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Everybody's piling into the "we're raising prices due to inflation" game. Is it corporate greed or something else that's jacking up prices so high?
An increasingly grumpy American consumer is looking to blame somebody.
As if inflation weren't bad enough: Is it greedflation?
We all feel it. Prices are soaring higher than Elon's Falcon 9.
Cell service providers AT&T and Verizon are targeting some of their more economical older plans with rate increases. Verizon also added an “economic adjustment charge” to some monthly fees, and T-Mobile bumped up fees on some older plans in February. The cost of a Hershey’s chocolate bar is up 17%, part of a wider pricing change to sweeten earnings. Health insurance companies are seeking approval to raise premiums next year by an average of 10%-15%. New York state consumers could see premium increases nearing 19% for individuals.
Companies have the power to raise prices to "minimize earnings declines," aka "protect profits," but we, the consumers, don't have the ability to magically expand our budgets. So, it's not surprising to hear a growing number of people blame "greedy corporations" for gouging consumers on gas, food and services in the name of inflation.
Nearly three-quarters (72%) of Americans surveyed in late April and early May blamed "profit-seeking corporations" for higher gas prices. The poll, conducted by the Washington Post and George Mason University, showed that it was an opinion shared by many in both political parties: 86% of Democrats and 52% of Republicans.
But corporate "greedflation" is not the root cause of higher prices, according to Wharton marketing professor Z. John Zhang, among others. He and like-thinking peers blame the war in Ukraine, supply chain and logistics problems, and COVID-modified consumer patterns.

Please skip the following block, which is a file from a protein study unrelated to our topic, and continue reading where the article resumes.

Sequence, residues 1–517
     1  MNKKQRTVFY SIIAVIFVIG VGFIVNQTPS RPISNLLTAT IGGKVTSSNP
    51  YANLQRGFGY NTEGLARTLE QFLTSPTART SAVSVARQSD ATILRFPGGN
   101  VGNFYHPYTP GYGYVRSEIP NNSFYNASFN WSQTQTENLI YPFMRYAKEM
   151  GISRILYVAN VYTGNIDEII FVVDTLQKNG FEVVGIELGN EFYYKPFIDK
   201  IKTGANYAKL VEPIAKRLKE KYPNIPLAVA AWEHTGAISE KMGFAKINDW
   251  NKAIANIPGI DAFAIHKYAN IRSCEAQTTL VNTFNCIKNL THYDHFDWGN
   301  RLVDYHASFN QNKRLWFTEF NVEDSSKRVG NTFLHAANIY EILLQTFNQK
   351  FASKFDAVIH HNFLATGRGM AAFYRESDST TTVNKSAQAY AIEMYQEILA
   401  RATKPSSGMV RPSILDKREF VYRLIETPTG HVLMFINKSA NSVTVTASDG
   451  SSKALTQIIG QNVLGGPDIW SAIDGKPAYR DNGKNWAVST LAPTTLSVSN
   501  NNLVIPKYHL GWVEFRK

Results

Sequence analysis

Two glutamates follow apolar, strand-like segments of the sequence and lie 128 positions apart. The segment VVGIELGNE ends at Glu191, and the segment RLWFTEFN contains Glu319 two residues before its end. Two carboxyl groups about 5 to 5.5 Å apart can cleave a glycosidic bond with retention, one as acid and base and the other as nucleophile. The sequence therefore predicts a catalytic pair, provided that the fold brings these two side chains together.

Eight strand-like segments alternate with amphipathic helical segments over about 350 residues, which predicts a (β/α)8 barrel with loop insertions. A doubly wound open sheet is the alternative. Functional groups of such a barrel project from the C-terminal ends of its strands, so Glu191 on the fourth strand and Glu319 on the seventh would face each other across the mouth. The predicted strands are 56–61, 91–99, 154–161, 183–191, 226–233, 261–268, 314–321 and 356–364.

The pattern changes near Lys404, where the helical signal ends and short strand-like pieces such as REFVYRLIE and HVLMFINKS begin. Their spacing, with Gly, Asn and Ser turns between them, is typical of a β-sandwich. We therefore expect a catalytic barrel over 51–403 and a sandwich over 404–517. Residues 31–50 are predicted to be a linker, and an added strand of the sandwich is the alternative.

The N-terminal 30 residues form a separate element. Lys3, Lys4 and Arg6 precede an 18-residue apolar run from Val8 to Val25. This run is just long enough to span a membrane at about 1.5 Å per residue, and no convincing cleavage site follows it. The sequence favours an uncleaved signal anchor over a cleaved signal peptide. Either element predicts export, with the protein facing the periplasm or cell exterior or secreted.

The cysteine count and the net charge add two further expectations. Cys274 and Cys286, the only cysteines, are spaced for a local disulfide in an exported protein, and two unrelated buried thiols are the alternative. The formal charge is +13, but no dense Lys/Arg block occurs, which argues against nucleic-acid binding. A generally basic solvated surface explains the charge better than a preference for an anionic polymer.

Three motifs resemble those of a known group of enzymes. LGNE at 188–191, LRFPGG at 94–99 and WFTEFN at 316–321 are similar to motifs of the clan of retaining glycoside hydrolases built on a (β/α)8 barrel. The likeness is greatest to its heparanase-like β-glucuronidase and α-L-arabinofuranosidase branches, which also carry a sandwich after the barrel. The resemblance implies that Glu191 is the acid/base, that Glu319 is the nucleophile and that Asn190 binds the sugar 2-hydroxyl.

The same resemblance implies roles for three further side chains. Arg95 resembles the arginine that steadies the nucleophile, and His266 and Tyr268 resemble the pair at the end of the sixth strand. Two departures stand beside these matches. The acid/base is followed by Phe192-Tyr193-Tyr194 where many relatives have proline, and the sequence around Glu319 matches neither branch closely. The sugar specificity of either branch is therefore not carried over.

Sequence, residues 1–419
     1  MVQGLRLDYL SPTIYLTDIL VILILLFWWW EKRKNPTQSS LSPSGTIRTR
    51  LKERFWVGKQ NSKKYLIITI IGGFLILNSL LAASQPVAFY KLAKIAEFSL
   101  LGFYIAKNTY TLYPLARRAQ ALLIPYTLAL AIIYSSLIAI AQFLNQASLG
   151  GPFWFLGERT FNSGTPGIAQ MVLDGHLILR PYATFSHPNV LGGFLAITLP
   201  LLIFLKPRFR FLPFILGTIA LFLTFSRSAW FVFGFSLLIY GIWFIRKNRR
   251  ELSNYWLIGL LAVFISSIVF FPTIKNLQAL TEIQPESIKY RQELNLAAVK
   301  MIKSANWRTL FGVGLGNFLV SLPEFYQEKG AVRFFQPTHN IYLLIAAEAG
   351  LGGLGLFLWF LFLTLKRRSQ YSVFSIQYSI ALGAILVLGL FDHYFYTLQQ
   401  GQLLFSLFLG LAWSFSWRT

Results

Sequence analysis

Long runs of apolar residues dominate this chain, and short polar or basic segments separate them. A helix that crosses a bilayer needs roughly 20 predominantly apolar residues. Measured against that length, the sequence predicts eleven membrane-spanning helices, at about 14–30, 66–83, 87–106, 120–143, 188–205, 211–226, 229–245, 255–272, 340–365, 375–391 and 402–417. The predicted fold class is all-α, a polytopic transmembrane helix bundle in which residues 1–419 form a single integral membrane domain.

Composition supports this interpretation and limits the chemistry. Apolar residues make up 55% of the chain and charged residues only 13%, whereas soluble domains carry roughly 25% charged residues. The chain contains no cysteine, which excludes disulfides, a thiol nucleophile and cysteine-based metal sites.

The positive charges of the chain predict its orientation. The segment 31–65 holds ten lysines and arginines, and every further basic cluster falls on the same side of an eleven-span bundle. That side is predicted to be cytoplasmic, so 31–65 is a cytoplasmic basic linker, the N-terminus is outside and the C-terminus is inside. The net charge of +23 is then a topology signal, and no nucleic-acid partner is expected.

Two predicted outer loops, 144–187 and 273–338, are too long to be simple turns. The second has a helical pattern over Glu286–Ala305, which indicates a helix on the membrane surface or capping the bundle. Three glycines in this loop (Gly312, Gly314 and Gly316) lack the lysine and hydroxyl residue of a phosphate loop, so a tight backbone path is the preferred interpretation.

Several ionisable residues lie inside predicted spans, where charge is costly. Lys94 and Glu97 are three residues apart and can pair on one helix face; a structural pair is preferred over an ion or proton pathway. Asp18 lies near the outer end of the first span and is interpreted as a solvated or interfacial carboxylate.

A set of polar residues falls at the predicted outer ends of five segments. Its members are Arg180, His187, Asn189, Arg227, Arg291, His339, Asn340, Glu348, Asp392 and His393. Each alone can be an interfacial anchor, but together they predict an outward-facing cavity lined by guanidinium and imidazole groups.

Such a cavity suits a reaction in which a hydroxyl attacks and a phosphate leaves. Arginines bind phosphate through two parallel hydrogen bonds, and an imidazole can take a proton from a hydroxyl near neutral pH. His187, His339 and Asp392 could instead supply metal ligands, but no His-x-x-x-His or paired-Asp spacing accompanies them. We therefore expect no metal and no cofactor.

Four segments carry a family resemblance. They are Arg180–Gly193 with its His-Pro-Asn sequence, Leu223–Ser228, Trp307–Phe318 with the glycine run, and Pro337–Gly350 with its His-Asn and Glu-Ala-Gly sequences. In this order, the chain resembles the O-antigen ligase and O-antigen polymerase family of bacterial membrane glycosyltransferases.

"I think that firms are actually doing exactly what they’re supposed to do. Where you could raise prices, you raise prices to make more money to invest for more production. That’s what we want the firms to do," Zhang said in a recent Wharton podcast.
Well, maybe not everybody wants that. But, wait. There's more.
Inflation made worse: Stagflation looms, money managers say
Increasingly, the case is being made for a particularly virulent strain of rising costs called stagflation. That's when higher prices are combined with a sagging economy: inflation plus economic stagnation.
Imagine layoffs and rising unemployment, consumer demand evaporating — but everything remaining expensive.
That's a storm of a fecal magnitude.
Earlier this month, in a Bank of America survey of 266 fund managers, 83% said they expect stagflation to seep into the global economy over the next 12 months. These fund runners manage more than $745 billion in assets, so they've got skin in the game.
Look, we're not here to raise your anxiety about the state of the world. And financial "experts" are wrong all the time with their economic predictions, so there’s no need for alarm. Instead, let's do something to reinforce your financial position. Some suggestions:
Looking for more help? Here's a guide to managing your money in tough times. Take tiny steps. You'll feel better.
Fourth of July: Big bucks for burgers and beer
From a cost standpoint, your Independence Day backyard celebration may be less burgers, hot dogs and beer — and more pork, fruit and wine. According to an analysis by Wells Fargo, the staples of Fourth of July parties have soared in cost due to this year's bout of inflation.
Ground beef (+11.8%), hot dogs (+12%) and beer (+25%) have seen greater price increases than pork (+3.1%), produce (+7%) and wine (+5.8%), the report says.
To minimize the impact of higher costs on your Fourth festivities, consider alternatives.
Rather than going with fresh ground beef, shop frozen pre-formed beef patties. Demand has declined, so you may find some bargains. And the Wells Fargo report notes that the cost of beef ribs has risen only 2%. Now you're talking. Slap a little hot sauce on those suckers and forget the chicken wings (+38%).
Have a restful and safe Fourth of July.